RIVER NORTH — It wasn't until Leslie Thomas had worked as an architect and on an Emmy-winning TV movie that the Californian realized what she was meant to do with her life.
Her string of defining moments began when she got stuck in the only middle seat left on an early morning Southwest Airlines flight about nine years ago.
"Sitting next to me was a man from the South Side of Chicago. We talked. We fell in love. I moved here. We had a baby," Thomas said, smiling.
And on another early morning — after her son, Nico, had finally fallen asleep — Thomas was inspired to send "the email" that changed everything.
"I started reading an article by Nicholas Kristof on genocide in Darfur. He was describing a picture of a little boy. The concept of these children being killed struck me. I looked down at my kid, and looked at the pictures, and thought someone could just kill my child because of who he is," she said.
"So I sent the email to every single person I know, saying if someone can kill these children for nothing, the least we can do is something to properly mourn them," she said.
Thomas got an outpouring of support from architects, writers and filmmakers interested in starting "something" that would grow into Art Works Projects, the nonprofit human rights foundation she runs in a social justice incubator in River North.
In 2006, Thomas found museums willing to allow their space to project images of Darfur children on the sides of buildings in hopes that just displaying them might get people to realize the similarities between those kids and their own.
Since then, Art Works Projects has continued to use a mix of film and photography to capture the personal stories of women and children victimized in parts of the world where the concept of human rights isn't always recognized. They've shown their work around the world. On Thursday, U.S. Sen. John McCain (R-Arizona) will host their "Children of Syria" photo exhibit on Capitol Hill.
Now, before you stop reading, it's important to know that Thomas said she's more than aware that she's "another liberal white woman" whose passionate discussions on human rights can "kill a dinner party in five minutes flat."
"But I'm just a woman, a mom of an 8-year-old. I'm just like everyone else," she said.
Thomas is blunt when I ask her a question that she's heard before, "Why not focus your attention right here in Chicago?"
"All my answers are really trite. I think we all are one," she said. "We live in Chicago, a city full of people from all over the world. We don't exist in a vacuum, and more than ever before our stability in the U.S. is focused on what's happening globally. We're tied together. Knowing what's happening in places like Liberia, Bosnia and Congo helps me understand more about how people from there live in our city."
And the goal of each of her films, exhibits, monthly discussions and workshops for school kids — whether the topic is genocide in Darfur or human trafficking in Chicago — aims to better explain the effects of big global human rights issues by sharing the untold stories of real people suffering amid injustice.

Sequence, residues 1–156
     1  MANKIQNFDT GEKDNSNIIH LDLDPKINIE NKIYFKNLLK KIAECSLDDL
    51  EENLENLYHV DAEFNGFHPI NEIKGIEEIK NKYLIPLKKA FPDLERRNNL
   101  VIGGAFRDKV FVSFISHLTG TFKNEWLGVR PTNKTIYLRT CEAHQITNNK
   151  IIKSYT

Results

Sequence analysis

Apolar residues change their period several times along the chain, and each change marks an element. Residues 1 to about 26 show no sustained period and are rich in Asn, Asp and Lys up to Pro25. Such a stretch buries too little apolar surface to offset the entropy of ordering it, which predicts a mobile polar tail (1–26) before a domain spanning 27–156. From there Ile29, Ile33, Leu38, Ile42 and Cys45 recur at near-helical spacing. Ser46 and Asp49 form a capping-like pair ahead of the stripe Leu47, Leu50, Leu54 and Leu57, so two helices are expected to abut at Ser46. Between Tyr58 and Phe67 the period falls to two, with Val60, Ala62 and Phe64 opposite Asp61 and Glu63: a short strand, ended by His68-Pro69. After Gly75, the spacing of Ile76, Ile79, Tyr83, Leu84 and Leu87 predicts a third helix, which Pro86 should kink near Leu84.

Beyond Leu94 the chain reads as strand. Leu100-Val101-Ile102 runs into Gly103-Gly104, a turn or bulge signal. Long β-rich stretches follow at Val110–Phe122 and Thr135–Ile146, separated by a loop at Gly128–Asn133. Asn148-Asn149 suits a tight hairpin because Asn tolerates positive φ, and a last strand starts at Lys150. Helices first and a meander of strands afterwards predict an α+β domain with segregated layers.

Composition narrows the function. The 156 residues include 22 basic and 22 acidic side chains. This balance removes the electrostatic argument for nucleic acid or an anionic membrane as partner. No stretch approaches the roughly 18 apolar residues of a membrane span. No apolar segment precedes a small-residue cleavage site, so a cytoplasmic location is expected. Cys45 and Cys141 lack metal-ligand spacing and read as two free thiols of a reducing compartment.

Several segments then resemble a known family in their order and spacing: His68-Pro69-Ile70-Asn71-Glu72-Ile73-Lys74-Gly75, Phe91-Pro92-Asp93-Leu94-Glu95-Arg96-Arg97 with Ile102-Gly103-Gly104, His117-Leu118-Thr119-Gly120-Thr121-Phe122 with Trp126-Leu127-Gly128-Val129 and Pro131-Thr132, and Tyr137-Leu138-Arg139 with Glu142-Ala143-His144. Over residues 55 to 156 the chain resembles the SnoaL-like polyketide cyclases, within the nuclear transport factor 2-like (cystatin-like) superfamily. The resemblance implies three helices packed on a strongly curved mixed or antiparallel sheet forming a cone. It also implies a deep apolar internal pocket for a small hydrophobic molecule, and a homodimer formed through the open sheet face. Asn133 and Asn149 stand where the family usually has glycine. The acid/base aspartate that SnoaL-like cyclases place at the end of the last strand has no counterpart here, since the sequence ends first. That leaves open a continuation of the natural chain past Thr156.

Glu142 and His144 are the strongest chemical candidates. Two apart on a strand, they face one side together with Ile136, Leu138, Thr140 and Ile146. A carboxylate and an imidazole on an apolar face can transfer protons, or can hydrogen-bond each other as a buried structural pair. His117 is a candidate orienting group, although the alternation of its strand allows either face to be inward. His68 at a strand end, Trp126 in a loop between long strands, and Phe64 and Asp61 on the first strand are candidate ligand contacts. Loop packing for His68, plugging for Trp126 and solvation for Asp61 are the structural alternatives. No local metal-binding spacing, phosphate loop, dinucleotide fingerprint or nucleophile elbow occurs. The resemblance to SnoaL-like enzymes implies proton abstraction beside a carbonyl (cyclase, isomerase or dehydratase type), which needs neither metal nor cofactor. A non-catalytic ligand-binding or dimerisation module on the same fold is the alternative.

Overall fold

Thomas' latest film project, "The Prosecutors," aims to shed a light on the brutal reality of rape suffered by men, women and children in war-torn countries.
The unfinished documentary follows the struggle of two attorneys fighting to get justice for sex slaves and rape survivors in Congo and Bosnia that otherwise get viewed as "collateral damage" in war.
"People say 'rape and pillage' and don't even think about what it means. Does it mean that in war, fighting over each other's land, that I get to rape your wife?" Thomas said. "When the war is over, it's men with guns negotiating with men with guns making agreements to let the other off for who they raped and moving on. So, that culture of impunity that gets afforded helps perpetuate rape forever."
And while that's changing — the United Nations recently recognized rape as " a weapon of war" — Thomas said she felt compelled to make a film that "shows the rest of the world that there are people fighting for victims, and they can help, too."
Just five days after filming started, the documentary was picked to be shown at the Global Summit To End Sexual Violence in Conflict in London this June, which is chaired by British Foreign Secretary William Hague and actress Angelina Jolie, UN high commissioner for refugees.
"It's going to be great to show the film in a place where every single person in the world who works on this issue is going to be," Thomas said, "except we don't have a film yet."
Her crew at Art Works Projects is feverishly trying to raise $30,000 on Kickstarter to put together a short film for the summit and put complete feature-length documentary they hope to release next year.
"It's an amazing process that's overwhelming, inspiring and exhausting, just like anything else you're passionate about. I get up in the morning and think about human rights all day with the incredible people working on these issues in Chicago," Thomas said.
"Our work to tell stories from the point of view of people experiencing human rights violations is really important. And for me, it all circles back to that morning I looked at my son and realized that genocide can happen anywhere. None of us are exempt."
Click here to donate to "The Prosecutors" Kickstarter campaign.
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